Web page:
Sales Leaders – are you hands-on or hands-off?

How much time do you spend with each rep? Do some reps never check in and others call you just to complain? Are they seeking answers? Do they listen to your answers?

There is nothing worse than getting instructions from a boss who hasn’t been out seeing a client for a while.
I once had a whingy rep (she lasted 3 months) who after some time declared ‘I have saturated the market, I literally have no more reasons to see anyone’. So, for the next 4 weeks I saw an average of 30 people a week presenting new ideas. Yes, I was exhausted (I didn’t let them see that) but it proved a point and it lifted the mark for everyone for years to follow.

Stick in some grunt work every now and again. Most importantly it will bring you up to speed with current challenges and ways to overcome them, plus allow the team to see that you empathise and understand any roadblocks they are facing. So, when you pitch in with solution ideas to identified problems, they respect these as thought through, well founded and credible.

When making head office decisions I would suggest really working out how to deliver it to the team. Be very clear on the ‘why’ and crucially, how they are to take that message to market. Arm them with how to deliver the message, how to handle questions etc. I know of at least 20 companies that have moved their low value clients over to the internal sales team. Only one of companies handled it well, the other 19 – just left it to the sales reps assuming they would manage it maturely (assumption kicks us up the bum). These reps, in turn, handled it dreadfully by telling the clients that they were low value so ‘unfortunately I can no longer look after you’.

If you, yourself, like to be autonomous and prefer that style, it’s highly likely your leadership style is equally ‘hands-off’. We operate outwardly according to our own default, thinking ‘I hated it when my boss did this, so I won’t do that behaviour’. The same happens if you, when as a rep, needed lots of support, as a leader you may now naturally be assuming your team too need lots of support. Both of these are totally normal reactions. The downside is it’s based on managing you and not managing them. I.e. you could be overlooking a rep who actually needs lots of support or you could be micromanaging someone who is totally competent and capable not wanting so much attention. A good leader recognises that each individual will need them differently.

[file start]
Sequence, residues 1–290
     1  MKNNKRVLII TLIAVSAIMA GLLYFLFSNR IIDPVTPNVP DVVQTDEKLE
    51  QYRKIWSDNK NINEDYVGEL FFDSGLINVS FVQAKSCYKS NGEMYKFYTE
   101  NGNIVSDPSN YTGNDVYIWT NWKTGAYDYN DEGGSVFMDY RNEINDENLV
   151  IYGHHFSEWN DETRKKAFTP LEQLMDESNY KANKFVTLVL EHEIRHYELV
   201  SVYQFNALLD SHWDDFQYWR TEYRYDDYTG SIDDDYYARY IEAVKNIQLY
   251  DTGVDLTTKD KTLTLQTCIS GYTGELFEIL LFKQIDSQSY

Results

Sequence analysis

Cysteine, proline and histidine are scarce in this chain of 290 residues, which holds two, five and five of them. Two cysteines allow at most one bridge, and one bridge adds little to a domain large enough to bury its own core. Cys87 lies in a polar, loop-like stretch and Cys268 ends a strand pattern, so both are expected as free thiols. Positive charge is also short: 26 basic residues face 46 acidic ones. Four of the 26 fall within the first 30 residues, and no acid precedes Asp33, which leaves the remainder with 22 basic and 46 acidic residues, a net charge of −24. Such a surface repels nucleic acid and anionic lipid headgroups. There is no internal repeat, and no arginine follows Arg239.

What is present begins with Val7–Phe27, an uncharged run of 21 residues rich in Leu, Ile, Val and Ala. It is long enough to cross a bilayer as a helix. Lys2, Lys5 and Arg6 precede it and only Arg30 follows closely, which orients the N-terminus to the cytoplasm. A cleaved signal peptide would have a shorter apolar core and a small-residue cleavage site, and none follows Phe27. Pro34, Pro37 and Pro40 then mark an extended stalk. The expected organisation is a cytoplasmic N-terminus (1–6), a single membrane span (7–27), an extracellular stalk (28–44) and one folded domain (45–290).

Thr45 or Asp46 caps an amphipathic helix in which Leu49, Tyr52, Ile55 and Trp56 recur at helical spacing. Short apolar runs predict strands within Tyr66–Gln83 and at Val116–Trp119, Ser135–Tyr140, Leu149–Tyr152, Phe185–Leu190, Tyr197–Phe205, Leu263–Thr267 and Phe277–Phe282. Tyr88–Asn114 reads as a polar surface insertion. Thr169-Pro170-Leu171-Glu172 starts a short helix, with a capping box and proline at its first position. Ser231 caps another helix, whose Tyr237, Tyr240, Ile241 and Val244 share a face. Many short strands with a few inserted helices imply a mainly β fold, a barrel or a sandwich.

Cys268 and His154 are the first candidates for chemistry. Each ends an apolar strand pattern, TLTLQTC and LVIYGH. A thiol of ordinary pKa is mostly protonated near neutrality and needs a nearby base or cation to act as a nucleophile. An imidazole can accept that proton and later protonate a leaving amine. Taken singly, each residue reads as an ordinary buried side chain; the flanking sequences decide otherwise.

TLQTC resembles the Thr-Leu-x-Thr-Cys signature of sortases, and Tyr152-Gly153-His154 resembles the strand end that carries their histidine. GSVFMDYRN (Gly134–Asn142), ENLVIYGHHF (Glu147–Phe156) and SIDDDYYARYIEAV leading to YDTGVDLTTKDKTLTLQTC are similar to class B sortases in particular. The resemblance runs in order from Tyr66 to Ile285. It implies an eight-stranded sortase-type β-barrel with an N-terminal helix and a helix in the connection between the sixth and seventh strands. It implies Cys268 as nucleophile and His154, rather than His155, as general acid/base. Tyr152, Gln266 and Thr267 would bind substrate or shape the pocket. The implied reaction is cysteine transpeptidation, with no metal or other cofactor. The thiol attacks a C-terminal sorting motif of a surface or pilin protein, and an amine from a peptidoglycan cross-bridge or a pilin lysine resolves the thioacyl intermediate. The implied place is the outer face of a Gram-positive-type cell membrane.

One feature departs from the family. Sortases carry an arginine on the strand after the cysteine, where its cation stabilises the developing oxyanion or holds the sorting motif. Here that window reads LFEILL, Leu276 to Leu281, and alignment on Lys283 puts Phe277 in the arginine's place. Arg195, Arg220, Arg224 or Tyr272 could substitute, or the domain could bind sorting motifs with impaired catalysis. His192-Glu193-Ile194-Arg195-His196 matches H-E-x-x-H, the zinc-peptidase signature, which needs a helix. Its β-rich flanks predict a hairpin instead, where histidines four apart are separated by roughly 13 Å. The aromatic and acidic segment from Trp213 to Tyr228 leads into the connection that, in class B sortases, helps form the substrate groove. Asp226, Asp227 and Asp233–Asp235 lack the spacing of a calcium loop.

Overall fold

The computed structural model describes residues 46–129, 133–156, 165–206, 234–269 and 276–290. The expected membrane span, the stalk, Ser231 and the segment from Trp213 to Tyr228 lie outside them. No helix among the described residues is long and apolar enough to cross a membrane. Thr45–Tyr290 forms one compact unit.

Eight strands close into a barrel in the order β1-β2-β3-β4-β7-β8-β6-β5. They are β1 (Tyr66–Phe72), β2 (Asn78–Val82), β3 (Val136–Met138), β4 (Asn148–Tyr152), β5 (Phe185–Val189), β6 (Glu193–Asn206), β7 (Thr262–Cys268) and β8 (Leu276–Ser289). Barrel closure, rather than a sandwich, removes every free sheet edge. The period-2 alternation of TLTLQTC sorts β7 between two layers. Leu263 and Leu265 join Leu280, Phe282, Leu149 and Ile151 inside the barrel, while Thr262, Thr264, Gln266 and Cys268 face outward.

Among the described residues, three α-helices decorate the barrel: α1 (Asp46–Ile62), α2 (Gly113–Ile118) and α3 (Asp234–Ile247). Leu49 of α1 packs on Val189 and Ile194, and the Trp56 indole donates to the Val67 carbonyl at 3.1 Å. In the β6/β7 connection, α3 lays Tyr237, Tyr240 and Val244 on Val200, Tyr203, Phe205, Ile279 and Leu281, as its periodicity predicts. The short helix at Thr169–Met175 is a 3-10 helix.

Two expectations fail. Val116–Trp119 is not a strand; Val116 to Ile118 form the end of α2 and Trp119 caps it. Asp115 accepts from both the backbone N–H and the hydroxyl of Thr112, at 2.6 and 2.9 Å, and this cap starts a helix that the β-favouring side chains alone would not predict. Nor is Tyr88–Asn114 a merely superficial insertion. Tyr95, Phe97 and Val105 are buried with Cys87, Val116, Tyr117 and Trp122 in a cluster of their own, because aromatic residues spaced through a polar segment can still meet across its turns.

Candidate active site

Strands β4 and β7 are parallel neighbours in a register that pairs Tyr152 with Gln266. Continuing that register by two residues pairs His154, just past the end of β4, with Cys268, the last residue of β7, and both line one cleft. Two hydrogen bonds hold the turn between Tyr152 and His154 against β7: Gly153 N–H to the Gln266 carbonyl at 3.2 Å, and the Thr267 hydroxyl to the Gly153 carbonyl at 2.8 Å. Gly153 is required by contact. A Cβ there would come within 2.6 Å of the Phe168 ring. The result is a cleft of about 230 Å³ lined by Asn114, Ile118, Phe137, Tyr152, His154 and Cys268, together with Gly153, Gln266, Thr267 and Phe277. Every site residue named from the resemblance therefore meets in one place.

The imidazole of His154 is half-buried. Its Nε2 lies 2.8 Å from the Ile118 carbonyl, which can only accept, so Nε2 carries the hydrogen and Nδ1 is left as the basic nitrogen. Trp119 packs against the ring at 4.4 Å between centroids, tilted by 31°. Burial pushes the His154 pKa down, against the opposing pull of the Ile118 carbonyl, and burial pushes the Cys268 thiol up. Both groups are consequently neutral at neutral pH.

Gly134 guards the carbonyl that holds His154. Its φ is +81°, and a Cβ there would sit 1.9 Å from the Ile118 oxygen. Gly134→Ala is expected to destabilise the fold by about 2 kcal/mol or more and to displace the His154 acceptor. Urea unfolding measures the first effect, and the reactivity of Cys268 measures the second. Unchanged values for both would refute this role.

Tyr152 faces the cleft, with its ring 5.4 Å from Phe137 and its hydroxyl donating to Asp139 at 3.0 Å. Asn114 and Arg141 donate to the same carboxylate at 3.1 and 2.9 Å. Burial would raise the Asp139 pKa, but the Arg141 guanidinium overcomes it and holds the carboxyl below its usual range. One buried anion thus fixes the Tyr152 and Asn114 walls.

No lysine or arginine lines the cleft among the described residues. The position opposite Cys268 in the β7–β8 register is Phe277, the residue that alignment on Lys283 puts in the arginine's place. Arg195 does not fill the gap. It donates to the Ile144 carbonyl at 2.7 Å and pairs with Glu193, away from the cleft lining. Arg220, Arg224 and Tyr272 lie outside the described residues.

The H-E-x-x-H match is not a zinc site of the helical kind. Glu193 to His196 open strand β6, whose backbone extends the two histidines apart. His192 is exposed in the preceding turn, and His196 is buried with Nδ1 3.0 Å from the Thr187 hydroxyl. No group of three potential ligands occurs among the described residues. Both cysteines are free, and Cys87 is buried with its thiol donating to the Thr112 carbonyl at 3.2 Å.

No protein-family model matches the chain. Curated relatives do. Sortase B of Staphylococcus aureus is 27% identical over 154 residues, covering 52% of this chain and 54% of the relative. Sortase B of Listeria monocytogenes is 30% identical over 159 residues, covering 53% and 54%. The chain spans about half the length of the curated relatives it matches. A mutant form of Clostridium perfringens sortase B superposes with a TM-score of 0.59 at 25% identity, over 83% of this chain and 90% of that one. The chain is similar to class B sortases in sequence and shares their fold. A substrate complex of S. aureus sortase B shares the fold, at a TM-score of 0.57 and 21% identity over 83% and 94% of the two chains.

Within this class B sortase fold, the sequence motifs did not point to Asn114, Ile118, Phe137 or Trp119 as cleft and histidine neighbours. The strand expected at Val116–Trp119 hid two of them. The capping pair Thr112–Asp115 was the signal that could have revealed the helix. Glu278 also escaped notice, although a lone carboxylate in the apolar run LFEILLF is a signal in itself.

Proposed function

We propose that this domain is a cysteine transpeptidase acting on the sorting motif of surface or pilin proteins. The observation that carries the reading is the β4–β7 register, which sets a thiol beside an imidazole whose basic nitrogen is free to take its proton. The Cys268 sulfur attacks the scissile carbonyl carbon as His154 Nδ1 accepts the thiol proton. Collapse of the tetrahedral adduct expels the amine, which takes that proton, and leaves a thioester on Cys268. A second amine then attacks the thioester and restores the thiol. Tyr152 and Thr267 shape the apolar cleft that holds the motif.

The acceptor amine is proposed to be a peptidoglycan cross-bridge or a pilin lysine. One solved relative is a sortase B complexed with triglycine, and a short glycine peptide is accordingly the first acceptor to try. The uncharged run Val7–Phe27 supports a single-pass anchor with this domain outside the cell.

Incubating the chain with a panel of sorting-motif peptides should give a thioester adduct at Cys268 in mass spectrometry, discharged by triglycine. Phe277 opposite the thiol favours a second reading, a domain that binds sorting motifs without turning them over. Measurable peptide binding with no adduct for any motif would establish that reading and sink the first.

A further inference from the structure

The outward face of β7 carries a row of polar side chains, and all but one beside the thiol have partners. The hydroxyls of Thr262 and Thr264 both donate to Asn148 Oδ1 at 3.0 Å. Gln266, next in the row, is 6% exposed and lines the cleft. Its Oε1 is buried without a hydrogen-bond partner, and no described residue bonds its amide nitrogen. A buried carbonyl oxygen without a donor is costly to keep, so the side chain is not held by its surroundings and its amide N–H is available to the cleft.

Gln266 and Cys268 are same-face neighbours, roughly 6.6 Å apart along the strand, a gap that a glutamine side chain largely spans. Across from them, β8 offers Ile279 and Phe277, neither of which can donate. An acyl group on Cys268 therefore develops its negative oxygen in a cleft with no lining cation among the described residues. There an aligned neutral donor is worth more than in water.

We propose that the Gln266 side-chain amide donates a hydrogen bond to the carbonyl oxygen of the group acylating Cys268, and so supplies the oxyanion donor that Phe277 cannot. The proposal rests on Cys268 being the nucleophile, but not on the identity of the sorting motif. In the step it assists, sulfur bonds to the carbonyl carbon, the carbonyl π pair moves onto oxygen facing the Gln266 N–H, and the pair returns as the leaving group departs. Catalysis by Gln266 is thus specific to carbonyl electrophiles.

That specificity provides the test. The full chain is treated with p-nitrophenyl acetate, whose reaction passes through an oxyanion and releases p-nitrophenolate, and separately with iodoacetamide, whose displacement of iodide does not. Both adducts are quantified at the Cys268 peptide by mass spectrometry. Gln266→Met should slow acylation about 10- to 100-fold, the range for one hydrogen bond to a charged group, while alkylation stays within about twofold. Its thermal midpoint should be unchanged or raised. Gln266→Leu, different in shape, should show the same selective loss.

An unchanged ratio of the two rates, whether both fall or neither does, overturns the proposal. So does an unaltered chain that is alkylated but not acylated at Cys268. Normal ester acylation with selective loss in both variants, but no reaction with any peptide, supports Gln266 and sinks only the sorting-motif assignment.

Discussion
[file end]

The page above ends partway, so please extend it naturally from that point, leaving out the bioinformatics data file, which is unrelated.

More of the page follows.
Equally, each individual’s performance needs to be observed on its own merit. Eg Jane needs lots of close attention as she is new, then when she is competently capable ‘I’ll offer regularly weekly check ins’. Onto, ‘Ah, Jane has missed her target for a few months, she may be off the mark and feeling vulnerable. I will manoeuvrer the situation so that I’m more accessible again as Jane may have slipped back needing more guidance and encouragement’. Good leadership recognises that each individual’s needs around their competence are fluid and fluctuate.

page9image28679872

What to do

Spend time with the rep, and note their abilities so that you are in ‘pace’ with them

Learn more

Read: ‘How to drive a high performing team’>>>

Learn: join our live, free webinar for sales leaders where I will be covering the 3 qualities need to drive a high performing team

Smarter Selling is sales and mindset coaching for high performing leaders and teams

0